The new Home Energy Score pilot program in Denver, Colorado, combines home inspectors and technology for a successful model of public policy.
Since the beginning of 2019, a unique Home Energy Score (HES) joint partnership has been under way in Denver, Colorado. The partnership combines two key Program Partners, new tech-enabled compliance and scoring methods, and an underrepresented home inspection industry to kick off an important part of Denver’s ambitious climate-focused policy initiative.
Julie Saporito is the Residential Energy Programs Administrator for Denver’s Department of Public Health and Environment. She has been at the helm of this ambitious initiative since its earliest stages. The program is a key component of Denver’s long-term 80 X 50 Climate Action Plan (https://www.denvergov.org/content/denvergov/en/environmental-health/environmental-quality/climate.html), which seeks to reduce carbon emissions to 80% below 2005 levels in the city by 2050.
Julie told us that the current effort is a pilot program designed to “establish a home energy rating for all single-family buildings so that owners, renters and potential buyers can make informed decisions about a home’s efficiency and operating costs.”
Pressed to serve that wide range of resident categories, the city engaged multiple industry players to help determine whether the energy information featured in the U.S. Department of Energy’s Home Energy Score—a snapshot of a home’s energy performance on a simple 1-10 scale, a calculation of expected utility costs and a list of the most cost-effective energy improvements—is a viable tool for the program’s targets when it is delivered to both homebuyers and recent homeowners.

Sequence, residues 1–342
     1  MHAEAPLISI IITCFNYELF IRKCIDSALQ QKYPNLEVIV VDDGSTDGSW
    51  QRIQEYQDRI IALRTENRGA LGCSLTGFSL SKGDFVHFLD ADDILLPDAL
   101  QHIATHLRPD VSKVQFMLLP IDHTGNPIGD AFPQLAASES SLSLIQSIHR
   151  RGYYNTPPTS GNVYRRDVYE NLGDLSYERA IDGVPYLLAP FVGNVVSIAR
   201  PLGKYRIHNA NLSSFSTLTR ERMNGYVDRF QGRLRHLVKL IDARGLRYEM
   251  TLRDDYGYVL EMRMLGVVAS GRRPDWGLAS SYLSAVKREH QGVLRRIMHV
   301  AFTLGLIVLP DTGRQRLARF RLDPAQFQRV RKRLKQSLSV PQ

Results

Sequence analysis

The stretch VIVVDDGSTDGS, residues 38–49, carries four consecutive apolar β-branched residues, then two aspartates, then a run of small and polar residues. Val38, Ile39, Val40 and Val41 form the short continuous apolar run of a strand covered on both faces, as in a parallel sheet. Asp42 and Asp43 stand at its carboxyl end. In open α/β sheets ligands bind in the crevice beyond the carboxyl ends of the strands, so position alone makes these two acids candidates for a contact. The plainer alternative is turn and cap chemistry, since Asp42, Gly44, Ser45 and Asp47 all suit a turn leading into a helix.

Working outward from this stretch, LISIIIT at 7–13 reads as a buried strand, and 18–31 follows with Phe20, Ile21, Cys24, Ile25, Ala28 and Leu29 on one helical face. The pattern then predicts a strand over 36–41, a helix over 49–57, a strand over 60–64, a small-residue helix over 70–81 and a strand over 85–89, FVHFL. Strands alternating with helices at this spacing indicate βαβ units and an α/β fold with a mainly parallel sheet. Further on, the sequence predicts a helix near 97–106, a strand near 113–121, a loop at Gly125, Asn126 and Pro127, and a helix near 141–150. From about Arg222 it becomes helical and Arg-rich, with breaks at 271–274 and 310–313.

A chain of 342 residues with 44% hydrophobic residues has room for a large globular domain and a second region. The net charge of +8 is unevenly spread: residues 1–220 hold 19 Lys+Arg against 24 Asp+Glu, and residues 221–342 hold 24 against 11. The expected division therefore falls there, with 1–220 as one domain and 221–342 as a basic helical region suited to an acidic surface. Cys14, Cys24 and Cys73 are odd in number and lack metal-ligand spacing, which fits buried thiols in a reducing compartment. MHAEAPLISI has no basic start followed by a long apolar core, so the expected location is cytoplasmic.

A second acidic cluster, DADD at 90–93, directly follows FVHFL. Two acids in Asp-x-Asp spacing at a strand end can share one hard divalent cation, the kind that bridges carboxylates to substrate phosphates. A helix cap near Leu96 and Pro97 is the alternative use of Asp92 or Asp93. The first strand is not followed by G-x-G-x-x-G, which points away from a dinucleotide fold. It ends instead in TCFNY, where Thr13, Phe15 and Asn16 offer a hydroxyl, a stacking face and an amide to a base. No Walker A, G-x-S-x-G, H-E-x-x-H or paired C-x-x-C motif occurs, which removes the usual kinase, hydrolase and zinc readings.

Julie and her team wanted to maximize the value of the Score’s information. They operated from two research-backed truisms:
- Most of the work ever performed on a home is completed within the first year or two of home ownership.
- Homebuyers routinely underestimate or ignore utility costs for the home they’re hoping to buy.
Given these realities, Denver was committed to getting the Score’s information into homeowners’ hands before they jump blindly into improvement projects and, ideally, at the point of sale, in light of the added budget-planning benefit to homebuyers.
For point-of-sale delivery, Julie enlisted the home inspection industry as a natural partner (albeit one that hasn’t always received its due respect in energy information delivery) and she also hired a small energy audit firm to serve the recent homeowner segment.
A big factor looming over the entire enterprise is Denver’s famously hot housing market (in May, more than 1,600 single-family homes were listed), meaning that a streamlined and painless process was essential both for buyers embroiled in high-pressure sales environments, and for home inspectors with their own busy schedules who can’t get bogged down with unwieldy auditing tools or reporting processes.
As a final consideration for program design, Julie’s team has been vigilant about gathering information from all parties about whether the Score is delivering value and how easy it is to integrate into the sales process.
The Home Energy Score fit the bill for Julie’s needs regarding simplicity, time efficiency and low cost to perform for both homeowners and homebuyers, but she faced a challenge in being able to deliver Scores as a non-utility without a team of in-field energy specialists to meet the quality assurance requirements of the program.